Monday, 30th October 2017

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SC notice to Centre on car pollution

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  • Published 29.11.14

New Delhi, Nov. 28: The Supreme Court today issued a notice to the Union government to enforce improved emissions standards for vehicles across India after a non-government organisation carried an air pollution monitoring instrument inside the courtroom and found pollution levels exceeding safe limits.

During the hearing of an ongoing PIL on air pollution this afternoon, the Centre for Science and Environment (CSE) showed that the level of particulate matter (PM) smaller than 2.5 microns and thus inhalable deep into the lungs was 250 micrograms per cubic metre, four-fold higher than the limit of 60.

A bench headed by Chief Justice H.L. Dattu asked the government’s counsel to implement Euro-4 emissions standards for vehicles across India by 2015, Euro-5 by 2017, and Euro-6 by 2020. If enforced, manufacturers will need to sell vehicles that meet these emissions norms.

Each higher standard reduces the levels of emissions such as PM, oxides of nitrogen and sulphur dioxide by an average of 40 per cent over the lower standard. The Euro-4 standards have currently been implemented only in Bangalore, Calcutta, Delhi, Chennai, Mumbai and 25 other cities.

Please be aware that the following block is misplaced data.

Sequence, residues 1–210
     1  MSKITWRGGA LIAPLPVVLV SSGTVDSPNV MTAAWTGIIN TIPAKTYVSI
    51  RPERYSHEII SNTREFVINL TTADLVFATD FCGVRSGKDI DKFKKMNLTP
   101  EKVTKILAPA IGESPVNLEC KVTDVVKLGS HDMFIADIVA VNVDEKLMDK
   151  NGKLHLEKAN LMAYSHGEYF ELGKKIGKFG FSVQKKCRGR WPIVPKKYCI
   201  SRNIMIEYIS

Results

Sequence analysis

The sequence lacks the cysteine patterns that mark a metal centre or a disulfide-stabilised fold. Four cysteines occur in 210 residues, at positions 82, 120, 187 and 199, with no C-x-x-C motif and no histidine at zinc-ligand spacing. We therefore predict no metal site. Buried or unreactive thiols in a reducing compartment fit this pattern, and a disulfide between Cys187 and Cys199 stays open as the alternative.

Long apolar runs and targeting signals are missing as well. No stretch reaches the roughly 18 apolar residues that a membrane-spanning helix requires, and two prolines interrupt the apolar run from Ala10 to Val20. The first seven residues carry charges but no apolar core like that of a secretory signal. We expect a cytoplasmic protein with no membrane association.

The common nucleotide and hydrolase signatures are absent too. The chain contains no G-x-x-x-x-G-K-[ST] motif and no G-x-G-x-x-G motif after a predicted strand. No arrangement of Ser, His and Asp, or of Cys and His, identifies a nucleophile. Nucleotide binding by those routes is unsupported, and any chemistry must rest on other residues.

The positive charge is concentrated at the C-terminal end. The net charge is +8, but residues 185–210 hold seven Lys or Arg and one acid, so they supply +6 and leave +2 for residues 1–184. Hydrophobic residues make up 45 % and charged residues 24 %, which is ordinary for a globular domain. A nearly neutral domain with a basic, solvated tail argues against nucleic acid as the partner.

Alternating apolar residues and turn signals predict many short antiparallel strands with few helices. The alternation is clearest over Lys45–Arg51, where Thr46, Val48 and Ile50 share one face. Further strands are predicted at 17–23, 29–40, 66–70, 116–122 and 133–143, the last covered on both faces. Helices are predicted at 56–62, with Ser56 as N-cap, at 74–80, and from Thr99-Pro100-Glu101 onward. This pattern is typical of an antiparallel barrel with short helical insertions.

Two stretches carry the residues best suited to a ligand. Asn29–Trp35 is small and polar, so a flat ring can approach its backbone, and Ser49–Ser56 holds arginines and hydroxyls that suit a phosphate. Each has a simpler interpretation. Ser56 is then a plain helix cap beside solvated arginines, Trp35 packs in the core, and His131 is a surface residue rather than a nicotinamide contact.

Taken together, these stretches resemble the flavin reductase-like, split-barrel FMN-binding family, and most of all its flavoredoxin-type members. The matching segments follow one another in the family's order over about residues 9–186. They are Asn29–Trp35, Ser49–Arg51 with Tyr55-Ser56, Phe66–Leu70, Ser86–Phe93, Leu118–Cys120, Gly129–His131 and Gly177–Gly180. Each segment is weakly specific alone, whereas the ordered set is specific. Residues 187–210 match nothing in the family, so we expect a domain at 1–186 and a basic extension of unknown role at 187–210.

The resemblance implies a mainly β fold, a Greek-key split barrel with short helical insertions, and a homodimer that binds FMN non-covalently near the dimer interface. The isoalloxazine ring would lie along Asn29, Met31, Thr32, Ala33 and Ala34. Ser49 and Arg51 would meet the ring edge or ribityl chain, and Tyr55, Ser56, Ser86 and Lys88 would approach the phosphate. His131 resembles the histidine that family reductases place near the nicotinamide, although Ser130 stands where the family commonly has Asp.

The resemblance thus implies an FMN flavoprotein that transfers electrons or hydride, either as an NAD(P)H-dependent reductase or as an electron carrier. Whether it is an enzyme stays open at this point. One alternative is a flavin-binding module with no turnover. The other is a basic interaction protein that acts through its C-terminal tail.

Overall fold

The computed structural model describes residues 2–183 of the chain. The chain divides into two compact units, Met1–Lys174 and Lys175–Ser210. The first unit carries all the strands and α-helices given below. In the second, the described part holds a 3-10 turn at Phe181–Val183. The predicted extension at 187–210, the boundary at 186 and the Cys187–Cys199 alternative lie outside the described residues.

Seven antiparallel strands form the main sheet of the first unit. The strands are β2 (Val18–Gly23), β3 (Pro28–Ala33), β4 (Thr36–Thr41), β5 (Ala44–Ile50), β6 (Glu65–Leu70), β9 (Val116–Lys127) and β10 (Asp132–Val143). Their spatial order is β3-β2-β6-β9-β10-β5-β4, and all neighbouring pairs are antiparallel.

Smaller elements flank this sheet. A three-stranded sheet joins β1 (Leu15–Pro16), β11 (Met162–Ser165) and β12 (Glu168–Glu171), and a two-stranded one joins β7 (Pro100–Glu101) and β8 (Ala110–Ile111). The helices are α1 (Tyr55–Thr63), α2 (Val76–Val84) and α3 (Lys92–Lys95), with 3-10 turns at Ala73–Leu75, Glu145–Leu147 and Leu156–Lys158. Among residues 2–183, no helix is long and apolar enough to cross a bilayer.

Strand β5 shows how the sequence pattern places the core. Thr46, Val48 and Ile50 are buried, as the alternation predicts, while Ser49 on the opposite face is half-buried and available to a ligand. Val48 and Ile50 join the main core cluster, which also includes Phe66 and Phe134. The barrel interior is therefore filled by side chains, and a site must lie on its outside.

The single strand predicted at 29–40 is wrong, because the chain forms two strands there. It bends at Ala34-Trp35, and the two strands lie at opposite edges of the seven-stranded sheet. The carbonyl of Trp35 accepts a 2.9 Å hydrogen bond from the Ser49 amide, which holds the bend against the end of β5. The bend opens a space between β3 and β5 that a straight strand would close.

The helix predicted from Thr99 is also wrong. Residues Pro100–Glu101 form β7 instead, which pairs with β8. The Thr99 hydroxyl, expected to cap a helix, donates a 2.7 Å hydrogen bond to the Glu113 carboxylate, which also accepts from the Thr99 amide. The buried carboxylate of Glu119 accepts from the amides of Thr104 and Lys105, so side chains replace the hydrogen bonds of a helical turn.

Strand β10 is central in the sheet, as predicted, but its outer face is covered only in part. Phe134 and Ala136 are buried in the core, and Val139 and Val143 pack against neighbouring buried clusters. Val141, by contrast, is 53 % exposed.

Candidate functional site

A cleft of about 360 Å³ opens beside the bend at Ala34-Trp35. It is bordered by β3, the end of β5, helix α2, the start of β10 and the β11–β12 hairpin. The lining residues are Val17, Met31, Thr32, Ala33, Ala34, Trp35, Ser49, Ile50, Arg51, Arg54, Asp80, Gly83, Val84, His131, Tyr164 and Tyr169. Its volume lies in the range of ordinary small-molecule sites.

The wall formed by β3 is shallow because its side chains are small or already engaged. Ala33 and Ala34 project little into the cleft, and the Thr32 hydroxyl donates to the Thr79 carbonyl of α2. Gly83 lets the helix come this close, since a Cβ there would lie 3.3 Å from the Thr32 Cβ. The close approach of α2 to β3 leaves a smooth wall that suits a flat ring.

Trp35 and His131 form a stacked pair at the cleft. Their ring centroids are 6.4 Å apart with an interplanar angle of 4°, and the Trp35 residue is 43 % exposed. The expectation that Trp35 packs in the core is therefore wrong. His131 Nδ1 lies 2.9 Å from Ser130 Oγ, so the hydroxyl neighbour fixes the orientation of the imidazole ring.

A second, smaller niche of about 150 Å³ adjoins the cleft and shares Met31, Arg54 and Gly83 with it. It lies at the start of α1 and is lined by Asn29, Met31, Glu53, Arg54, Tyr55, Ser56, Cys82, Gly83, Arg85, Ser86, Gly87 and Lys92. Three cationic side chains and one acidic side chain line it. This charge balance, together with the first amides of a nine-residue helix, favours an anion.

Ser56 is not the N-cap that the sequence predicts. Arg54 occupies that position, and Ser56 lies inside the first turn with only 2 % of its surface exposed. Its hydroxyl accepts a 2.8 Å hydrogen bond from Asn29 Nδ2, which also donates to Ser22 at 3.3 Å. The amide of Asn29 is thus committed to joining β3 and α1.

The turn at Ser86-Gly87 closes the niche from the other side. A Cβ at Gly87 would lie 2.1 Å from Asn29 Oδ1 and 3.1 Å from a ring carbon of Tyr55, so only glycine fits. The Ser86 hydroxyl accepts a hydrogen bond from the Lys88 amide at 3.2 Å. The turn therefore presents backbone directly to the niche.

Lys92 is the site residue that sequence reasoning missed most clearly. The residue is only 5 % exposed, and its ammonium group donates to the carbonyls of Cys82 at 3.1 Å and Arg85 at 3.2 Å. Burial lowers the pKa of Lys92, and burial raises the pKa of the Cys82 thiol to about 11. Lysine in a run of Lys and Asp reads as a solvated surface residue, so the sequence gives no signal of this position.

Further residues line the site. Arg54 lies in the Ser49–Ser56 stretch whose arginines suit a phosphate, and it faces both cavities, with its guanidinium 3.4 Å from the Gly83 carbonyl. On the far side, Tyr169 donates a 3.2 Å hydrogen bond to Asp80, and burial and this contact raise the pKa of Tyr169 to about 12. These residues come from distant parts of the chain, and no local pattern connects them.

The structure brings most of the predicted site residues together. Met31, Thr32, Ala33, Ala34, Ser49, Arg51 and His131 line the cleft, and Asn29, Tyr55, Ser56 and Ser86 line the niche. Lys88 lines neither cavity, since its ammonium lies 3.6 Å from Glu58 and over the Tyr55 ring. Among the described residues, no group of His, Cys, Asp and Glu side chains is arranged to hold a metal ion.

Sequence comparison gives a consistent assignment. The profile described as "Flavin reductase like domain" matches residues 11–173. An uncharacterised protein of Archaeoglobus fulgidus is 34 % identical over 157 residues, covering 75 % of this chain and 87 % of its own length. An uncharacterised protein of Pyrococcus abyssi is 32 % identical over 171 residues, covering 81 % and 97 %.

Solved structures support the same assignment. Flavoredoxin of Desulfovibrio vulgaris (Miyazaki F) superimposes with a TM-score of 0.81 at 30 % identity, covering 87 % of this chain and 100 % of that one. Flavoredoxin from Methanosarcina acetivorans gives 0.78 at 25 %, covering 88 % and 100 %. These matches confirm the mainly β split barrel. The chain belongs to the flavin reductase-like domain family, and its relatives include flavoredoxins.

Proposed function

“This is exactly what we’ve been asking for — India needs to leapfrog to Euro-6 standards by 2020 to reduce the air pollution and health impacts of explosive motorisation this country is experiencing,” said Anumita Roychowdhury, head of the CSE’s air pollution unit.

Data from the Central Pollution Control Board indicate that PM levels are steadily increasing across the country.

Roychowdhury said it is “shocking” that the government’s auto fuel policy committee had recommended a roadmap for emissions standards to the Union ministry of petroleum and natural gas nearly six months ago, but hasn’t been acted upon yet.

An analysis by the CSE suggests that while diesel price deregulation and the consequent lowering of price differences between petrol and diesel created an immediate dent in the rate of increase of dieselisation of the car segment, the low tax on diesel continues to lure consumers.